• BU may accept deposits from or deploy funds to person resident in India or person resident outside India. However, the acceptance of deposits and deployment of funds with person resident in India shall be subject to the provisions of FEMA,1999;
  • BU may also act as a lender of INR Denominated Loans to Person Resident in India and Person Resident Outside India. However, the lending of such loan to Person Resident in India shall be subject to provisions of FEMA,1999.

7. Depository Receipts in IFSC

IFSCA has issued a regulatory and compliance framework for issue of depository receipts in IFSC on 28 October 202012.

  • Depository Receipt (DR) means a negotiable financial instrument representing underlying securities of a company listed in another jurisdiction.
  • A company whether incorporated in India or in a foreign jurisdiction shall be eligible to issue depository receipts only if the issuance of DRs is in accordance with the laws and regulations of the home jurisdiction.
  • The framework also lays down certain conditions in respect of the issuers of such DRs as well as the underlying securities.
  • DRs are required to be freely negotiable and in dematerialised form.
  • The framework also lays down conditions are procedures for the Initial Public Offer, allotment, listing, filing of offer document, continuous obligations and disclosure requirements after listing of DRs etc.
  • Stock exchanges may permit trading of DR listed on a stock exchange in India or a foreign jurisdiction subject to following:
    • Such trading of DR, without listing on stock exchange is in accordance with laws and regulations in which the DR and underlying securities are listed; and
    • Stock exchange to ensure clearing and settlement of DR.
  • Such DRs are permitted to trade without listing and accordingly, it shall not be required to comply with the aforementioned provisions. Such framework is available to stock exchange initially till December 31,2023.  

8. OTC Derivatives at IFSC

Vide Circular13 issued by IFSCA, Over-The-Counter (‘OTC’) Derivatives transaction has been permitted in IFSC. For the same, the IFSCA has adopted the Comprehensive Guidelines on Derivatives14 (as amended from time to time) issued by the Reserve Bank of India. However, the same is subject to modifications as listed in the aforementioned Circular.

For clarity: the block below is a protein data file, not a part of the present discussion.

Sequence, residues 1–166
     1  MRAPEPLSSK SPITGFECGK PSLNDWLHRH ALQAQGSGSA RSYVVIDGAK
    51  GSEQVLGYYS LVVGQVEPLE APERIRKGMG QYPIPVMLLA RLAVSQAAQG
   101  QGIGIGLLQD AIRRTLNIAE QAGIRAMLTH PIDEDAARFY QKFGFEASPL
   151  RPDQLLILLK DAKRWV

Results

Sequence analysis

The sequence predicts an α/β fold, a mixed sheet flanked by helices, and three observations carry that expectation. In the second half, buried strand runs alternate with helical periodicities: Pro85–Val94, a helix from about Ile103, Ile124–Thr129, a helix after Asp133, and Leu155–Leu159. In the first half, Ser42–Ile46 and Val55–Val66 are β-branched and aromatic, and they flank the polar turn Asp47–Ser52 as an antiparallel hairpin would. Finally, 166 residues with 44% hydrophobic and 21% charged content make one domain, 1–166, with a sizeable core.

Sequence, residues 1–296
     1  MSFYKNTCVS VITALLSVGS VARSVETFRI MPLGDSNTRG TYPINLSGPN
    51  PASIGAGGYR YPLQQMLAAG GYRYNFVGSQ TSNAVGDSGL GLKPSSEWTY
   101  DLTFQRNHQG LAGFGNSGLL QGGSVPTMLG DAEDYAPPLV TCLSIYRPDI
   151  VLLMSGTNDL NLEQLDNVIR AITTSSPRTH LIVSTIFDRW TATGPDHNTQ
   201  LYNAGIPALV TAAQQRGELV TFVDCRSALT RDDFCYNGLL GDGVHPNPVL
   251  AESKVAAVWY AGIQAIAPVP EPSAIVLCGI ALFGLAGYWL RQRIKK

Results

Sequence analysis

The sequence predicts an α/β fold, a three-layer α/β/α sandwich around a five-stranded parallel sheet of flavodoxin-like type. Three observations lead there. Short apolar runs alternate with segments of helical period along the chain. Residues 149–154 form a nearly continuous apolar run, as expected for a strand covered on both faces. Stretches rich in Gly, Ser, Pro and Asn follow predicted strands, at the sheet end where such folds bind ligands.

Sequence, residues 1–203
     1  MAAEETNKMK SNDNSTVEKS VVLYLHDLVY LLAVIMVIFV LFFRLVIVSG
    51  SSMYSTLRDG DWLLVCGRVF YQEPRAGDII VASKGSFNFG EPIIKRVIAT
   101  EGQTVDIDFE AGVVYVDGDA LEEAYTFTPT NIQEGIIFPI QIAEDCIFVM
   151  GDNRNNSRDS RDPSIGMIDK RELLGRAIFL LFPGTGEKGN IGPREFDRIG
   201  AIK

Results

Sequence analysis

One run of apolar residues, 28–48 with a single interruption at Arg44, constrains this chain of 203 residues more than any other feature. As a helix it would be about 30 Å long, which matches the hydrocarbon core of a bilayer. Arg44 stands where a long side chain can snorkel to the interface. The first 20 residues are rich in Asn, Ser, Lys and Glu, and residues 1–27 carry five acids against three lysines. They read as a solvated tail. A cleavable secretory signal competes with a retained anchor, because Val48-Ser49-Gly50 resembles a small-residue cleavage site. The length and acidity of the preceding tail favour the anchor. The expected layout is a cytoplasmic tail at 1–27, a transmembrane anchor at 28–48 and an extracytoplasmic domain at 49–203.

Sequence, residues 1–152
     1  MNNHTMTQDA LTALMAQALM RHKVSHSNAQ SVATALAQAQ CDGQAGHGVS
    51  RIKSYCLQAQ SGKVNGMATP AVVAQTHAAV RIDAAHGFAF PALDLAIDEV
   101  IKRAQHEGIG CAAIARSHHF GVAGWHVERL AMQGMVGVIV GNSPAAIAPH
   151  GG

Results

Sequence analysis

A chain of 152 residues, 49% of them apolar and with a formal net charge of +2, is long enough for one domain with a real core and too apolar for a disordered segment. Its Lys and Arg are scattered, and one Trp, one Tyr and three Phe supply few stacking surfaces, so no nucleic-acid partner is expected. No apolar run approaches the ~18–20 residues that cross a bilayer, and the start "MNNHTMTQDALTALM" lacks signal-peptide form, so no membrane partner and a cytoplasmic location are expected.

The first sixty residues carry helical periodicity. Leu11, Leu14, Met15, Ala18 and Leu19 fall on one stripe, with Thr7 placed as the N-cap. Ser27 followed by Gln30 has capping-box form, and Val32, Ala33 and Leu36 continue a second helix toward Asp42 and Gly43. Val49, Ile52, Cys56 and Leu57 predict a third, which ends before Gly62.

The modifications include amendments in paras for defining the purpose, eligibility criteria, broad principles for undertaking derivatives, and permissible derivative instruments. The Circular also lays down other additional directions required to be complied with.

9. Membership of stock exchanges and clearing corporations in IFSC by foreign entities

In order to enhance the participation of regulated entities from foreign jurisdictions in the IFSC, the IFSCA has issued a Circular15 permitting eligible foreign entities to set up a branch office in the IFSC and operate as a stock broker and clearing member subject to approval by the IFSCA.

Following are the conditions for membership as a stockbroker/ clearing member:

  • Eligible entity should be from an FATF compliant jurisdiction.
  • The entity should be a stockbroker/ clearing member regulated by a securities market regulator in its home jurisdiction.
  • The entity has adequately ring fenced the operational, technology and financial aspects of its branch office in the IFSC from its overseas operations.
  • The entity should obtain a certificate of registration from the IFSCA prior to commencement of operations as a branch office. No separate registration is required for a stockbroker registered with the IFSCA to act as a clearing member in the IFSC.
  • The branch office of the entity is required to have a designated director/ compliance officer for ensuring timely execution of compliance and regulatory reporting functions.
  • The branch office shall comply with the prescribed net-worth and capital requirements periodic reporting requirements.
  • In case of the stockbroker, the trading servers of the entity to be located within the IFSC.
  • The entity shall comply with the necessary rules, bye-laws and guidelines prescribed by the IFSCA from time to time.

Additionally, the Circular also provides for the following guidelines:

  • The eligible entities to obtain a membership of respective stock exchange/ clearing corporation.
  • The stock exchange/ clearing corporation shall be required to forward the application of admitted members to the IFSCA for obtaining a certificate of registration. No entity shall deal in securities without obtaining a certificate of registration from the IFSCA.
  • The stock exchanges and clearing corporations shall put in place appropriate integrated systems to facilitate seamless online registration applications.

10. Instructions and clarification on various circulars issued under the Banking Regulations